Donna Jean Godchaux Mackay occupies a most unique niche in the history of the Grateful Dead. Joining the group simultaneous with the enlistment of her husband Keith as keyboardist, she supplied lead and background vocals for the band during more than one of the seminal group's fertile periods of writing, recording and performing in the '70s.
Donna Jean was most essential in filling out the Dead's group harmonies, beginning at the very time singing had become of greater importance to the group following the recording of Workingman's Dead and American Beauty. Until that point, that component of the band's sound had generally been given short shrift, as the instrumental improvisation of the Dead had taken precedence, but as the group reached a nexus of structure and spontaneity, the human voice became an equally important instrument. Donna Jean provided the strength and sweetness to buttress the voices of Jerry Garcia, Phil Lesh and Bob Weir, not to mention taking a share of lead vocal responsibilities as time went on.
She spent seven years, from 1972 to 1979, singing with the Dead and as backup for the Jerry Garcia Band. Donna and Keith put out a self-titled album in 1975 with Garcia on guitar and several collaboratively written tunes, while their formation of The Heart of Gold Band came to a tragic end when Keith was killed in an auto accident. Donna Jean soldiered on in a most circuitous route, reclaiming her roots in Alabama after remarrying.
Donna Jean honed her skills as a singer in the famed Muscle Shoals studios in the late '60s, and with that once again her home base, she has ventured back into the music scene-as if she ever really left it. Her alliance with the Zen Tricksters has the air of 'you can't make this up' about it, as after a chance collaboration at the Gathering of the Vibes in 2005, a second co-billing at a Rex Foundation benefit convinced the principals to collectively pursue collaboration.
That venture has come to fruition with a mutual commitment to tour together as both Donna Jean and the Tricksters maintain solo careers. The studio portion of their work together reaffirms her R&B soul roots and integrates that with the Tricksters' natural inclination to improvise; this is not just 'a former singer with the Grateful Dead' appears with a Grateful Dead cover band. The sum here is much than the sum of its parts.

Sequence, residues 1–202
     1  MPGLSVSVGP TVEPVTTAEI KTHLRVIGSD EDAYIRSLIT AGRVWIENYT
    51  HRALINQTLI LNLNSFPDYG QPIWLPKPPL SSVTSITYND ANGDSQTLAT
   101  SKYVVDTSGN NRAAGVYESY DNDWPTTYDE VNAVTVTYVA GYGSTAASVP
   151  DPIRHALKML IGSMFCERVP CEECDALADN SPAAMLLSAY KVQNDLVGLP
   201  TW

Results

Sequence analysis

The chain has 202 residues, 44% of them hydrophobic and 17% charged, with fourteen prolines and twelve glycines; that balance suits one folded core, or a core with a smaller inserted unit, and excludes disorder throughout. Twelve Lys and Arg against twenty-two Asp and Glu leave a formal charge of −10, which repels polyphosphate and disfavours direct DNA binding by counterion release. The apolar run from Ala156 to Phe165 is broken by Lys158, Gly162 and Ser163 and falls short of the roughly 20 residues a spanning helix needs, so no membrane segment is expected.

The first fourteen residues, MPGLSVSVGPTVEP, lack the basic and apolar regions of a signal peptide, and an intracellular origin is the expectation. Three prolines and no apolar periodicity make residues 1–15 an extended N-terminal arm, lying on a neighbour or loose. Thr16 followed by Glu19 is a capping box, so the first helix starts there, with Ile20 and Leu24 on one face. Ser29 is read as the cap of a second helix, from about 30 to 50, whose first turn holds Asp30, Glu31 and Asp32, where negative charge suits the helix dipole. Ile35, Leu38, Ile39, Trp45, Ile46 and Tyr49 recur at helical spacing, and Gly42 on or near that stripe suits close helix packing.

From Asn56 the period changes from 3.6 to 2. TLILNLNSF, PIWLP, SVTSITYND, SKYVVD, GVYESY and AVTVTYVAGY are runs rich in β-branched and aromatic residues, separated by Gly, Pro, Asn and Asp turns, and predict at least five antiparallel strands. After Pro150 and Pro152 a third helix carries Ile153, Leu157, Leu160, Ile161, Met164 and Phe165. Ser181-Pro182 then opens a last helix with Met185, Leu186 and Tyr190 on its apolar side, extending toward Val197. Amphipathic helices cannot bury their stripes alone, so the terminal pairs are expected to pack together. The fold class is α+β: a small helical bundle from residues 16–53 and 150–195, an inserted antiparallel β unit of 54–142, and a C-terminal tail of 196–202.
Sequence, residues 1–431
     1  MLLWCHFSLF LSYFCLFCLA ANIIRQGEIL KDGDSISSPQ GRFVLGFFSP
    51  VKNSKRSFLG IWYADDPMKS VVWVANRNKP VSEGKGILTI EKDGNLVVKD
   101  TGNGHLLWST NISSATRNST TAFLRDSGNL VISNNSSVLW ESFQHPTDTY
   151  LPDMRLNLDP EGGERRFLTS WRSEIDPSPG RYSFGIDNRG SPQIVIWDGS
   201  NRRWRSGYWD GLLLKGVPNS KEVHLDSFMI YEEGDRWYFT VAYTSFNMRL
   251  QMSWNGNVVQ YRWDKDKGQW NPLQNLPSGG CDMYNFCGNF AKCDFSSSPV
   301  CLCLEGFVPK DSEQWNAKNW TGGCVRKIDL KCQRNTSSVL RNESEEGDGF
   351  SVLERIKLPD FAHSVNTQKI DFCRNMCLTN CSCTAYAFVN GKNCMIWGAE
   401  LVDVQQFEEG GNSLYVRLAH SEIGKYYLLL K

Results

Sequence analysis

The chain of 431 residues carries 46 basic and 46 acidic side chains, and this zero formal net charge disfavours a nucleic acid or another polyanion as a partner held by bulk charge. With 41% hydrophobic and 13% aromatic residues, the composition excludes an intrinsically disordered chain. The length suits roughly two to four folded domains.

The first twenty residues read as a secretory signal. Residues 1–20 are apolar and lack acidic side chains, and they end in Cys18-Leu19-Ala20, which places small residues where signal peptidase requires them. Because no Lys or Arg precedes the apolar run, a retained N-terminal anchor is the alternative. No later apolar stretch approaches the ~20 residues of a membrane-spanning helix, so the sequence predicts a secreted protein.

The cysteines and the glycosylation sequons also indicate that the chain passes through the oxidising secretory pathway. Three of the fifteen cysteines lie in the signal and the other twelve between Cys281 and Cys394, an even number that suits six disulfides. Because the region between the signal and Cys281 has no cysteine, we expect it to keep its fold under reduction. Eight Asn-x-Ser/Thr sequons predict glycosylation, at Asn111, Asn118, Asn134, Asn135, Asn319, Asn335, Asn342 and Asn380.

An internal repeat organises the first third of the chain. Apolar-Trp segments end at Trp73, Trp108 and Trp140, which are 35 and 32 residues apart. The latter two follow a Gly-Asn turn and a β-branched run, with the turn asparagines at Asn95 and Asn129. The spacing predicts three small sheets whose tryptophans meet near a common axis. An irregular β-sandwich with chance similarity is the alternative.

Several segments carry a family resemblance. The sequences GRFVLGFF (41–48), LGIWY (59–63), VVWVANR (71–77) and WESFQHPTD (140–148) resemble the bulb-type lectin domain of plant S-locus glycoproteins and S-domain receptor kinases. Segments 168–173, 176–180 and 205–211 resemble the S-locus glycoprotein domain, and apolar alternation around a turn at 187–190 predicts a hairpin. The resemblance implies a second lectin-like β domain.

Over the years Donna Jean has made similarly impromptu appearances like the one with The Tricksters, accompanying Phil and Friends and Ratdog onstage, reaffirming her generally positive legacy with the Dead and her strong relationship to their community. Judging from our conversation, it's easy to see why. Musical virtues aside, she is gracious as well as intelligent, with both an open heart and an open mind.
Doug Collette: I have to tell you, I've been listening to you new album with the Zen Tricksters, and it's a very impressive piece of work. I think one of the things that I liked about it the most was that the band seems to have a natural inclination to improvise, and I like the way they slip in and out of jamming almost without the listener noticing it. Is that something you heard in them when you started working with them?
Donna Jean: Well, I had heard of the Zen Tricksters, but I had never heard their music, literally, until I walked out onstage with them in 2005 at the Gathering of the Vibes. That's where I first met them and got to hear their musical prowess, and I was very, very impressed, not only with their musicianship, but as well with what good people they are. They're just great folks. And that took on a bigger and deeper meaning when I hooked up with them again in November of the same year, at a Rex Foundation benefit in New York City, and I got to hear their original songs and I got to hear them play my original songs. So after two days of rehearsing and then the benefit itself, we were pretty much agreed that we were going to try to do something together musically and see what happened, and so up pops Donna Jean and the Tricksters [laughs].
DC: Well, you know, here's the funny thing: I got the CD, and I've listened to it, but I hadn't looked at the press material that Dennis sent until today, so it was the other day when I was reading a book that was talking about Boz Scagg's first solo album, and mentioned your name as singing on that album, that I learned that you had worked at Muscle Shoals for a long time.
DJ: Really?
DC: Yeah, and then when I listened to the album today, it made perfect sense in that this album with the Tricksters sounds like a natural extension of your roots in rhythm and blues and soul, and again, that inclination to improvise, something you obviously like working with them and from working with the Grateful Dead from years ago.
DJ: Yeah, well, both of those arms of music… you might call it one arm is the deep pocket, Muscle Shoals groove that I grew up with, and the other arm of who I am musically is the improvisational, experimental, adventuresome Grateful Dead. And so it's two arms of some really cool stuff. [laughs]
DC: It is, and it fits together really well, at least so far as what I can hear on the album, because the band instinctively seems to know when to stretch out, when to pull back and when to sink right into a groove. How much rehearsal did you guys do before going to record this, if you did any at all?